Discover the captivating wonder of Capitol Reef National Park through the extraordinary feature known as the Waterpocket Fold. This nearly 100-mile-long warp in the Earth's crust, known as a monocline, offers a spectacular step-up in the rock layers. Formed between 50 and 70 million years ago during the Laramide Orogeny, a significant mountain-building event in western North America, the Waterpocket Fold came to be when a buried fault was reactivated in this region. The movement along the fault caused the west side to shift upwards, resulting in a striking monocline. The west side of the fold has been uplifted over 7,000 feet higher than the east side.
Over time, as the Colorado Plateau experienced uplift and erosion, the Waterpocket Fold was exposed to the surface within the last 15 to 20 million years. The name "Waterpocket Fold" embodies the ongoing erosion of the rock layers. These layers showcase the creation of "waterpockets," small depressions formed by water erosion in the sandstone layers abundant throughout Capitol Reef's fold. Today, the tilted rock layers continue to erode, giving rise to vibrant cliffs, grand domes, towering spires, striking monoliths, winding canyons, and elegant arches. Embark on an adventure through this remarkable landscape and witness the dynamic evolution of nature's artistry.
Experience the captivating landscape of Cathedral Valley in Thousand Lake Mountain, where the Waterpocket Fold gently fades away. Here, the rock layers showcase a subtle incline of three to five degrees towards the east, seemingly lying flat.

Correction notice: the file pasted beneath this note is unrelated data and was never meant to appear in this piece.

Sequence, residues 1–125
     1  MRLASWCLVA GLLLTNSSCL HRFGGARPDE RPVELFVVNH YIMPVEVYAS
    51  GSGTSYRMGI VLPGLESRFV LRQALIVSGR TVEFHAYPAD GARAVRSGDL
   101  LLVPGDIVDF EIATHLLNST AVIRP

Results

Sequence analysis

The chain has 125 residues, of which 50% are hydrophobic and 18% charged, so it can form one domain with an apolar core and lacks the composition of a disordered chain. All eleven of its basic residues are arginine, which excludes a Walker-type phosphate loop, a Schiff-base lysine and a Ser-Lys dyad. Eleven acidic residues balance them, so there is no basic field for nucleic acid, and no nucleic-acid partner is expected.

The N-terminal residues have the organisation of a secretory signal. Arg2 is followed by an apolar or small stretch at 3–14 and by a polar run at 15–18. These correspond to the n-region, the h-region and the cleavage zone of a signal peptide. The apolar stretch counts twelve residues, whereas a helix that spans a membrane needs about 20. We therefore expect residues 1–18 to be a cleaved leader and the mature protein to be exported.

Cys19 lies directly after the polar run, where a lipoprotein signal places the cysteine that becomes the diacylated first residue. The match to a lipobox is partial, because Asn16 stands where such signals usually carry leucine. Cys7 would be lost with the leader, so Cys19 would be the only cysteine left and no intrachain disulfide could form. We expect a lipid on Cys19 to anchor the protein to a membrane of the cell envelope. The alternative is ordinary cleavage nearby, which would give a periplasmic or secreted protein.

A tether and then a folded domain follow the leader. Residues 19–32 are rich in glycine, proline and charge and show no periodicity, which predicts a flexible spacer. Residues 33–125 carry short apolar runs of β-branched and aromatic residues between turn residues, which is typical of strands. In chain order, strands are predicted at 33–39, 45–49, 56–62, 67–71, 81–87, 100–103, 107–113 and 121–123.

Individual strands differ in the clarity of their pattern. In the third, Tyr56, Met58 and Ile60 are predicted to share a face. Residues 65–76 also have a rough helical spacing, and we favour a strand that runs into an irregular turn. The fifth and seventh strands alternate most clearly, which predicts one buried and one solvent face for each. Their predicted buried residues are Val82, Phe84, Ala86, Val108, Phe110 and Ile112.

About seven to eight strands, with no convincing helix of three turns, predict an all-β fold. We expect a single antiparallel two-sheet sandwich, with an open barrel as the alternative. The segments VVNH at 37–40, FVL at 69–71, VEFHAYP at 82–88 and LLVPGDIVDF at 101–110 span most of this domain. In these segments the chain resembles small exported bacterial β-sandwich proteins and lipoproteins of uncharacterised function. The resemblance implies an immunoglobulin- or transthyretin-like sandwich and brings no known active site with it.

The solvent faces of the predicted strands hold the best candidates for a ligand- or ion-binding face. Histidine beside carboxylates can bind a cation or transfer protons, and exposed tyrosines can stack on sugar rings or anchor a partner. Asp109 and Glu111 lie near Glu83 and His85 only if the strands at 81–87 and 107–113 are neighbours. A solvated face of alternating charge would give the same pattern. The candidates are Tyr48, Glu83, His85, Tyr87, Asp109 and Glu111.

This unique valley has been shaped by powerful erosion, sculpting magnificent standalone monoliths known as temples. These awe-inspiring formations are made of the soft, reddish-orange Entrada Sandstone, originally deposited as sandy mud on a tidal flat. Some cathedrals are adorned with a thin layer of tough, greenish-gray marine sandstone called the Curtis Formation.
In addition to the Entrada Sandstone temples, Cathedral Valley offers a glimpse into other fascinating geological processes. The dissolving of gypsum, a soluble mineral from the underlying Carmel Formation, has resulted in the formation of Glass Mountain and the Gypsum Sinkhole. Glass Mountain stands as an exposed plug of gypsum. At the same time, the Gypsum Sinkhole is a testament to a dissolved gypsum deposit.
Furthermore, Upper Cathedral Valley reveals the remnants of volcanic activity three to six million years ago. Dikes, sills, and small volcanic plugs known as volcanic features can be found here, showcasing the dynamic history of this remarkable landscape.
Thousands of years ago, powerful plate tectonic forces caused the entire region to rise vertically, transforming the landscape. While most of the plateau retains its distinctive "layer cake" appearance with horizontal rock layers, Capitol Reef stands out as a magnificent anomaly. Explore the unique formation known as the Waterpocket Fold and delve into the geological wonders of this exceptional natural phenomenon.